Neil Carter, the unsung hero of the Gary Moore Band's greatest years

Without a doubt, as one who has studied the music of Gary Moore from quite early on in his career, the introduction of the multi-talented Neil Carter to Moore's rock band lineups, was indeed the catalyst for some of the finest and most enduring musical milestones in this phase of Gary's career. That Neil would unselfishly contribute his dynamic writing, playing abilities and performances, being such a gifted one in all these areas, truly is the mark of a great musician. To me the zenith of this collaboration, was the "Wild Frontier" era, even though Neil's actual contributions to the recorded album are not as substantial as other of Gary's albums, this LP and to a great deal as well, the "After The War" album, are standouts to me, though earlier albums have Moore/Carter compositions that are just as great.

Recently Neil was kind enough to contribute some of his valuable time to answer some questions, about this time frame and the demise as it turned out of Gary's rock era. What I have personally learned from Neil as a writer, is to place oneself somewhat apart from the subject, and to not make assumptions, no matter how well informed! To the true dyed in the wool Moore fan, the guitar, keyboard and vox contributions from Neil, contribute that final percentage of magic. This really brought out the best in the bands leader. Certainly Neil has had a well rounded rock music career and would be successful no matter what group he contributed to, but the magic elixir that is Carter and Moore, cannot be denied...

 

Let's start with the leaving of UFO and your call from Gary, asking you to audition/join his band. How did it feel to suddenly be in the presence of a much more organized creative musical experience?

It was very refreshing and also to get the chance to play with Ian Paice was quite a pull for me. Initially I was just going to do the US tour supporting Def Leppard but I got on well with Gary and stayed for quite a long time as it turned out! The main difference was that UFO was very much perceived as a band and I felt, initially, rather uncomfortable with being part of what could have been interpreted as a "backing group". A bit of the old UFO ego coming to the surface! However my initial fears were groundless as in reality it never felt totally like that. What was a bit strange was playing third on the bill to Def Leppard when they had, 2 years prior to that, supported UFO and 5 years before carried my amps into a gig in Sheffield when I was with Wild Horses. But I thought "if Ian can rise above this, I can"!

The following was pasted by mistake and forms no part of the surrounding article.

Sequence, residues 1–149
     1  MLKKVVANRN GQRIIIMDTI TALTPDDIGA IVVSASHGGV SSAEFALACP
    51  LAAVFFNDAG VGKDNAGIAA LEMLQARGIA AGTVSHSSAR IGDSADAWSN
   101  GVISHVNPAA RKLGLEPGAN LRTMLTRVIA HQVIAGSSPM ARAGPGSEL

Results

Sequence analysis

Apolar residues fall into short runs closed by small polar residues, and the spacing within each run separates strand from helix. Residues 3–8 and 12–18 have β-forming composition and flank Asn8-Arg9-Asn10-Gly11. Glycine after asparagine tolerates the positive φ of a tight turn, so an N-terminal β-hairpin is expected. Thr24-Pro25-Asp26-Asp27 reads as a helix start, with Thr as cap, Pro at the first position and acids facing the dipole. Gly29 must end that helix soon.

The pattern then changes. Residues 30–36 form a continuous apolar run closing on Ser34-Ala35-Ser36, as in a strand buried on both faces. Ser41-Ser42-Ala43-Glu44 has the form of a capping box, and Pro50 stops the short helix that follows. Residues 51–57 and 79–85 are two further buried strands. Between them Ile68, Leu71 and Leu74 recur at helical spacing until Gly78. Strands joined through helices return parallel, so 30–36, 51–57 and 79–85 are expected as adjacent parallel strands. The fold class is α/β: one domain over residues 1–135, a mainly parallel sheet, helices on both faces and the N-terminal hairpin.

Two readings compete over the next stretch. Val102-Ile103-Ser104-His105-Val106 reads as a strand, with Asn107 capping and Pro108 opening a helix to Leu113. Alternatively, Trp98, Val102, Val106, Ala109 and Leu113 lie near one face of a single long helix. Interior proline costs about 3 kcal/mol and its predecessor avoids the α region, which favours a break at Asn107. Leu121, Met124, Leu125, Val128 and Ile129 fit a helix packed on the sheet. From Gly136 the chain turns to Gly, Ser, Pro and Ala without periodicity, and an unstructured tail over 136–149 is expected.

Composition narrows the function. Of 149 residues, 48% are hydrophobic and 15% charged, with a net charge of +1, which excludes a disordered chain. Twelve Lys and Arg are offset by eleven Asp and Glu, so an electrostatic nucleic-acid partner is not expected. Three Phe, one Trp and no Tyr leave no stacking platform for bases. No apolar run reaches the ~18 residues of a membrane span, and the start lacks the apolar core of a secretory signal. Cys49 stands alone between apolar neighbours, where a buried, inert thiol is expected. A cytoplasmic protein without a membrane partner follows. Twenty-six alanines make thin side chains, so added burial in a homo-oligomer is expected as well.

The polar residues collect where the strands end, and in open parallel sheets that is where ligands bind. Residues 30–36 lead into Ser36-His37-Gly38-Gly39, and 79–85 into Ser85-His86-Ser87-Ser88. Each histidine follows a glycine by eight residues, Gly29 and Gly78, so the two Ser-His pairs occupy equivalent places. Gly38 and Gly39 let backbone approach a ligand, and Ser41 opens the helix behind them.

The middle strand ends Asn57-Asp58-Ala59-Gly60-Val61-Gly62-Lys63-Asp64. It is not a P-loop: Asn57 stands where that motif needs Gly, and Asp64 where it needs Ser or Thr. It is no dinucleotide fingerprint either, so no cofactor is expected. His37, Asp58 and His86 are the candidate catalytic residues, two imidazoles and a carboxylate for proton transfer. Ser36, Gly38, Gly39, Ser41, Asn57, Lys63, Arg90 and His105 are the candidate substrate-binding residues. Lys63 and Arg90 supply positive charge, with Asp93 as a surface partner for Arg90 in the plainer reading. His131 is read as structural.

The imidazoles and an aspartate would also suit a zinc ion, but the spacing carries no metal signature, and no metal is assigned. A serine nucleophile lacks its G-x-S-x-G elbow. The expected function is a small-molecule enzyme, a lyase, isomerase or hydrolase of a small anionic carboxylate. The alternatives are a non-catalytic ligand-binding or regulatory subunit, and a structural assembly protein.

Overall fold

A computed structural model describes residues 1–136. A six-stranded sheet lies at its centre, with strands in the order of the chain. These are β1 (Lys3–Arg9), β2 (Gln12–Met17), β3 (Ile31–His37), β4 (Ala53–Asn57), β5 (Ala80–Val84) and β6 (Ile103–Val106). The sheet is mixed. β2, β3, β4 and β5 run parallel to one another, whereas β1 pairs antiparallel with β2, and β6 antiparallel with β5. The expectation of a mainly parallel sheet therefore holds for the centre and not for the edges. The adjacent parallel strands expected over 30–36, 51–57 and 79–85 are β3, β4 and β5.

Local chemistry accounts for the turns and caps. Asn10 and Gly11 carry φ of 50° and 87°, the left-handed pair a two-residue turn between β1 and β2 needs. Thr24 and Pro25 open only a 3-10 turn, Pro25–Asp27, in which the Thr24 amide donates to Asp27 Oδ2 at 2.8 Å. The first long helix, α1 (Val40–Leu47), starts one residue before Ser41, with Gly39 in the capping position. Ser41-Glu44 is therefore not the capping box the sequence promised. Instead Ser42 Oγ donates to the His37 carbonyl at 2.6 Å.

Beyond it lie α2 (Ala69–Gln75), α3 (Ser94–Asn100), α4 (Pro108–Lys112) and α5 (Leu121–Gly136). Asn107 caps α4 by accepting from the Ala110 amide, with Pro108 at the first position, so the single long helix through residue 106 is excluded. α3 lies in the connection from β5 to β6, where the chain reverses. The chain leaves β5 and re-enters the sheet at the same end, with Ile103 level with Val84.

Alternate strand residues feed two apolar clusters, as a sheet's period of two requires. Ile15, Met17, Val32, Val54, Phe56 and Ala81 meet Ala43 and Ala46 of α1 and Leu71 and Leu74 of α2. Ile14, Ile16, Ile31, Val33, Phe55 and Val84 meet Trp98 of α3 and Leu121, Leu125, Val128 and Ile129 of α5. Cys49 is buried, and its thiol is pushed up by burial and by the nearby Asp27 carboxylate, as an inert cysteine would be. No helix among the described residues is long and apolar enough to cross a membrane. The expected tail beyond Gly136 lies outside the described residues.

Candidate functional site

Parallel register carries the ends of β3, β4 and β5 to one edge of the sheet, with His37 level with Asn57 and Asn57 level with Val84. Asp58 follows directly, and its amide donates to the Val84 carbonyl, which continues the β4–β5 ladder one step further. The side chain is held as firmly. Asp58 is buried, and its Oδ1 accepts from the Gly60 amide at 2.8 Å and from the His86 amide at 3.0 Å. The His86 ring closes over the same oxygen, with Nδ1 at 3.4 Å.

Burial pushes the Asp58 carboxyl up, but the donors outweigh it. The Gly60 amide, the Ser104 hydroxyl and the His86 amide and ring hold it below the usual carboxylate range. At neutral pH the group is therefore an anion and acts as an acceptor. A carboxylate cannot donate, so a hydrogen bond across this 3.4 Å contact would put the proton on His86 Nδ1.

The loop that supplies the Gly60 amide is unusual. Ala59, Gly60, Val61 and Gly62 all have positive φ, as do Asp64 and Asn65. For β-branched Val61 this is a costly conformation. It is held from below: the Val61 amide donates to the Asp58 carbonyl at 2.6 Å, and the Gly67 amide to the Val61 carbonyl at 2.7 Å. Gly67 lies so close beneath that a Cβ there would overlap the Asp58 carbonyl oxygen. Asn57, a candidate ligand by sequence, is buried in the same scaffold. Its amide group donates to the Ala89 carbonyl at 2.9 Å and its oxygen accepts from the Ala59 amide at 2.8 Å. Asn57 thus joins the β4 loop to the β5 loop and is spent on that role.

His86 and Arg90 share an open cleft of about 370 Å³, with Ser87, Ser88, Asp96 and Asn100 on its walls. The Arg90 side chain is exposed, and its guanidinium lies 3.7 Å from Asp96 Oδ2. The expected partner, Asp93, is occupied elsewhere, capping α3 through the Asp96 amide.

Gary had already recorded "Corridors Of Power" when you joined and you contributed to the writing of "Victims Of The Future". Can you describe what it was like to first of all write with Gary and then transferring that to the recording process?

Gary was always keen to get ideas for songs and I actually was the most involved with the recording process of that album, more than any of the others. I had a load of unused riffs and ideas so it was good having someone to "bounce off" like that. We worked the ideas into basic song format and then Gary went away and wrote lyrics. I don’t think we did that many demos for that album, but I could be wrong.

You have said that "Empty Rooms" was a work in progress when you joined Gary's band, can you recount when you first had the genesis for the beautiful melody of this song?

I had only really written the bare bones of it and my input was to the chord structure and mood, I wrote it in a hotel room in Texas if I remember rightly! The version I have from the UFO times sounds quite like it in some ways but Gary must take full credit for the melody and overall finish on that one!

I am interested in the time frame from "Victims Of The Future" to "Run For Cover". Did Gary's working with Phil Lynott in a way, plus his experimentation with Glenn Hughes as lead vocalist, plus the multiple producers, and other players, contribute to what I feel to be Gary's least cohesive LP of that era?

Hmmm. I suppose it was a touch fragmented and perhaps there was a bit of ‘direction finding’ involved. He hit gold with Peter Collins though and I think the best work is with him by far. I liked the rerecorded Empty Rooms, sadly the Glenn Hughes vocal is in a vault somewhere. I wish I’d had the foresight to take a copy home!

Also Andy Richards playing keys on the version of "Empty Rooms" on "Run For Cover", how did that happen?

The connection with Andy came through Peter Collins I think, he used a Fairlight and there was lots of "fairy dust" courtesy of him. I think they were keen to use as much of the new technology as they could so he did the "expensive" keyboard parts. He worked a lot with the Pet Shop Boys who were sort of ‘cutting edge’ with keyboards etc. and Gary wanted a bit of that.

By what time period did you feel the completion of the core group of Gary's band, with different drummers and then no drummer at all on "Wild Frontier"?

Actually around the aftermath of "Run for Cover" and the tour that followed it. Bob had become a regular feature but we still could never quite settle on a drummer. They always seemed to come and go.  The best all round was probably Gary Ferguson although he only did one tour.

It is my impression that once the band consisting of yourself, Bob Daisley, Eric Singer and Gary was finalized, that band lineup never recorded another album post the touring for "Wild Frontier", and that after that long tour, this band was ready to do such a fantastic album it would seem, again what happened post the Wild Frontier tour and again the gap to "After The War"?